The latest trucking industry news relates to the 2012 American Trucking Association (ATA) Conference and Exhibition held in Las Vegas from October 7-10. In addition to the numerous truck-related exhibits, seminars and discussion panels led by a range of industry experts and various government agency officials were held. Thousands attended the four-day event and we were proud to be with them. Here’s an overview of what we learned.
Embracing this year’s theme, “American Crossroads,” ATA President Bill Graves spoke at the opening of the general session, offering his annual address, the “State of the Industry.” His comments zeroed in on the numerous changes and challenges facing today’s trucking industry, each of which is placing carriers at important crossroads of critical decision-making points. He stressed the need for companies to “adapt and change,” and maintained that the decisions made today would determine which businesses would succeed, profit and grow and which would stagnate into failure and loss.
Graves went on to point out the three biggest problems currently facing the trucking industry and the nation:
- A sluggish economy
- A population lacking confidence that the economy will improve
- A dysfunctional federal government, with leaders incapable of getting the job done
ATA Chief Economist Bob Costello led a panel discussion on the economic outlook for the trucking industry, where a slow, steady growth of about 2% was predicted for 2013. Factors that may alter that growth include the economic climate facing the European Union and actions of the U.S. Congress dealing with today’s fiscal issues. Here’s a current rundown on specific year-to-date statistics:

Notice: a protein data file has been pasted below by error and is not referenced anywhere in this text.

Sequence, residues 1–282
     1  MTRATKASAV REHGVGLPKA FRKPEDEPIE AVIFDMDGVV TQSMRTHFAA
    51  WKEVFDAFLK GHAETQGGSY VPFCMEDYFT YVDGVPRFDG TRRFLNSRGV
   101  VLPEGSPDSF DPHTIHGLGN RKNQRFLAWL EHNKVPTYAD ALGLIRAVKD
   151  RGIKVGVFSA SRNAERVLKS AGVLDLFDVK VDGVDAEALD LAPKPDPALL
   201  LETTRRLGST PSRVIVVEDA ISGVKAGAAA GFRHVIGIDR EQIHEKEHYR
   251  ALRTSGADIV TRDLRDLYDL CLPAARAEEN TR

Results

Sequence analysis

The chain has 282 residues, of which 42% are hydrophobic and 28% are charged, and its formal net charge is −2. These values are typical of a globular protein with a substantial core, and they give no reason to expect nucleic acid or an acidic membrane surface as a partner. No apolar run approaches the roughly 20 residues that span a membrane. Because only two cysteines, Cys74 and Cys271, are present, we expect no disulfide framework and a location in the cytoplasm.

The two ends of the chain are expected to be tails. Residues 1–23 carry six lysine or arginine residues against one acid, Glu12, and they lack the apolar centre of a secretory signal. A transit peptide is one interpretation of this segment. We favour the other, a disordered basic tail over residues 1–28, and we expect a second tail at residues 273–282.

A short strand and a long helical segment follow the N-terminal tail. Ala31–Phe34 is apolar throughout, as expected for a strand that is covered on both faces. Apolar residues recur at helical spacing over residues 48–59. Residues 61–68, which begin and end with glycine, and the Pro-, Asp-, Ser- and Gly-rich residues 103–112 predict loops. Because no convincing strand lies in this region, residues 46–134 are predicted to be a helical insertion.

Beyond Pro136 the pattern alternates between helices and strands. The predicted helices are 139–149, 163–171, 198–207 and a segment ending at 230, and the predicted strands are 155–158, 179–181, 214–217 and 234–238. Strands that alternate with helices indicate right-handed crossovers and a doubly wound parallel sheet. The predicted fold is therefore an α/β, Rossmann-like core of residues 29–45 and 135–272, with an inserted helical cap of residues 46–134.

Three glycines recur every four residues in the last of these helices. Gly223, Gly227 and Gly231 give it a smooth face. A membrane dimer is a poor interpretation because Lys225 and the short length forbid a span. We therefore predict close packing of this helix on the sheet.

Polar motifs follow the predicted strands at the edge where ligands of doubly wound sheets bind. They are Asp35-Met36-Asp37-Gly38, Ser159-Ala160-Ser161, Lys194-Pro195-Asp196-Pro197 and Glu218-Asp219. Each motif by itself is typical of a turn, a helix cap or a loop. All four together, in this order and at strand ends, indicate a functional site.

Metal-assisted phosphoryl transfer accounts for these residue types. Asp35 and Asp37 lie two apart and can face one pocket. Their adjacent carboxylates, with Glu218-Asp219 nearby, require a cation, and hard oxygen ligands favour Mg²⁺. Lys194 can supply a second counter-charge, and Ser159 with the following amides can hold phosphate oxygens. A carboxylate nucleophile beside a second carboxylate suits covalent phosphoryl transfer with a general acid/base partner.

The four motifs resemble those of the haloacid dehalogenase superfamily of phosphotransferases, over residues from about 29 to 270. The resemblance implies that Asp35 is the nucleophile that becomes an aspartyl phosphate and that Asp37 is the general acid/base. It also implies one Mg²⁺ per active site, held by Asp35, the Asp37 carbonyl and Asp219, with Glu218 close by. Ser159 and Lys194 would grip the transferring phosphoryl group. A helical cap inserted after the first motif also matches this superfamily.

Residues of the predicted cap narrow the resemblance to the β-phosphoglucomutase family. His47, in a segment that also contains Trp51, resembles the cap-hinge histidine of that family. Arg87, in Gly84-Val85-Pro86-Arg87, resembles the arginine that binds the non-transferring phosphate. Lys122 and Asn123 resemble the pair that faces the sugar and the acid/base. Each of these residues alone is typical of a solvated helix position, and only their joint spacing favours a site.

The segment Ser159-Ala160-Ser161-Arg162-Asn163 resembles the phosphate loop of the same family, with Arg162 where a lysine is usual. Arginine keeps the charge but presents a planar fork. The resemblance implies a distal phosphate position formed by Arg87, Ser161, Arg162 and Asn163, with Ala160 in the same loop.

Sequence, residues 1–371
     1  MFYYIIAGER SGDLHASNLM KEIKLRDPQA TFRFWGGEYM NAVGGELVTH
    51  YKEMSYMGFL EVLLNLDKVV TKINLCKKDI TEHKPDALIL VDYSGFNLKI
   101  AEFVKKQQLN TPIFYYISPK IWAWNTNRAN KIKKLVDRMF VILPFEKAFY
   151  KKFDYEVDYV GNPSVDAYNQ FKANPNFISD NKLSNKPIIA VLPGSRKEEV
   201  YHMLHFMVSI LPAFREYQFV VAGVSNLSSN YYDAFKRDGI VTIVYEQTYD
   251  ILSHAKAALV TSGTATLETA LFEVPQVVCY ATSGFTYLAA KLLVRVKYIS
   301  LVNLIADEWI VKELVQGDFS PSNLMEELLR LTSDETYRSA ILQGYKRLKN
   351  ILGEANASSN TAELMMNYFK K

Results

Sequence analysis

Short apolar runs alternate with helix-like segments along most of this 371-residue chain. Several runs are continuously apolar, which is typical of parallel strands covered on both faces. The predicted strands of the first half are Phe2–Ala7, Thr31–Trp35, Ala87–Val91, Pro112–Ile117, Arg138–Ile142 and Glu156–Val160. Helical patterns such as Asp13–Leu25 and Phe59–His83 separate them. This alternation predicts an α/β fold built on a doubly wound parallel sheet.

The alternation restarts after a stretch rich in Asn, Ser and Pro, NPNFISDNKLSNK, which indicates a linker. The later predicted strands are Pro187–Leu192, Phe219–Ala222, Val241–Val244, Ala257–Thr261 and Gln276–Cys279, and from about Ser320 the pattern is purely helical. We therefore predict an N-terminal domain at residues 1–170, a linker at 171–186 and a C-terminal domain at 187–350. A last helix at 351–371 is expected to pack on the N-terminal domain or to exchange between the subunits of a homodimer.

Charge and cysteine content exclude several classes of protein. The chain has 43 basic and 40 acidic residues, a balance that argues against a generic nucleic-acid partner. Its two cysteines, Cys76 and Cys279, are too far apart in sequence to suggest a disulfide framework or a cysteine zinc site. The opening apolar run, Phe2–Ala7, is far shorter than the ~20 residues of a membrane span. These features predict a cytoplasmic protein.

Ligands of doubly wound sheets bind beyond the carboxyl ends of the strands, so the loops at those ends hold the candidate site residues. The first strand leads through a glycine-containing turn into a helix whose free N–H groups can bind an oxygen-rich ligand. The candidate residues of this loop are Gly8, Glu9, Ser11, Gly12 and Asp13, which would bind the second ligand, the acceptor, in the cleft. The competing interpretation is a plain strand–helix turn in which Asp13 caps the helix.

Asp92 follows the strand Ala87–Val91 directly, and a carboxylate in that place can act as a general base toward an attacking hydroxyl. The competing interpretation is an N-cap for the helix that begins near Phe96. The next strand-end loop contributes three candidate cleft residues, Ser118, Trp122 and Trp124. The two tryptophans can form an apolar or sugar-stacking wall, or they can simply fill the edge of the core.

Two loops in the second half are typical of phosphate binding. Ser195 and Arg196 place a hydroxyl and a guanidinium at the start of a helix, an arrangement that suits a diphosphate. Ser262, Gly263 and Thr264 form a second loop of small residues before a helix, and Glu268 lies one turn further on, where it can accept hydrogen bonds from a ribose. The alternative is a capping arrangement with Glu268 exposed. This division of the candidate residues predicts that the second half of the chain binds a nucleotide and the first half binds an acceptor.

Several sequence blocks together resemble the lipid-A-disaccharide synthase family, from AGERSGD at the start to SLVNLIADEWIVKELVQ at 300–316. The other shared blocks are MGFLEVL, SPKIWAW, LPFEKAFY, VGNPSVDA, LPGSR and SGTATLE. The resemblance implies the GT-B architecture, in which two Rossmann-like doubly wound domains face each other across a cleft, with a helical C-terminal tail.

- Total tonnage was up 3.7%
- Number of loads carried by large carriers was up 0.4%
- Smaller carriers saw a load volume decrease of 4.6%
- Tank-truck loads saw an annual increase of 6.6%
- Total flatbed freight increased by 5.7%
Other Trucking Industry News
Two other factors currently challenging the industry are driver shortages and the cost of fuel, especially the high fuel taxes being imposed. Regarding the first, shortages are not so much a problem with driver availability, but rather driver retention. Many carriers are experiencing as much as a 100 percent turnover rate, indicating dissatisfaction with current conditions, requiring immediate improvement.
To deal with fuel costs, industry experts are pushing to increase allowable load limits on five-axle rigs from 80,000 to 96,000 pounds. This would allow for fewer trucks on the road and lower fuel consumption, thus lowering overall transportation costs. Higher load limits, however, are contingent upon the nation’s infrastructure being able to handle the additional weight.